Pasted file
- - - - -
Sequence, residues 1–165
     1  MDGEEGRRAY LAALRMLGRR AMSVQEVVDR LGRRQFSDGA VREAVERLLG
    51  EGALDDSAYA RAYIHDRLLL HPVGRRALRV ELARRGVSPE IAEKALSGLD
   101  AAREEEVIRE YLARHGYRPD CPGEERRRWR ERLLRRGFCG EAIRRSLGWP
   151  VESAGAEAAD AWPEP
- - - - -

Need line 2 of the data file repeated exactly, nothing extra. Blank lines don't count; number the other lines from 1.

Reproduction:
     1  MDGEEGRRAY LAALRMLGRR AMSVQEVVDR LGRRQFSDGA VREAVERLLG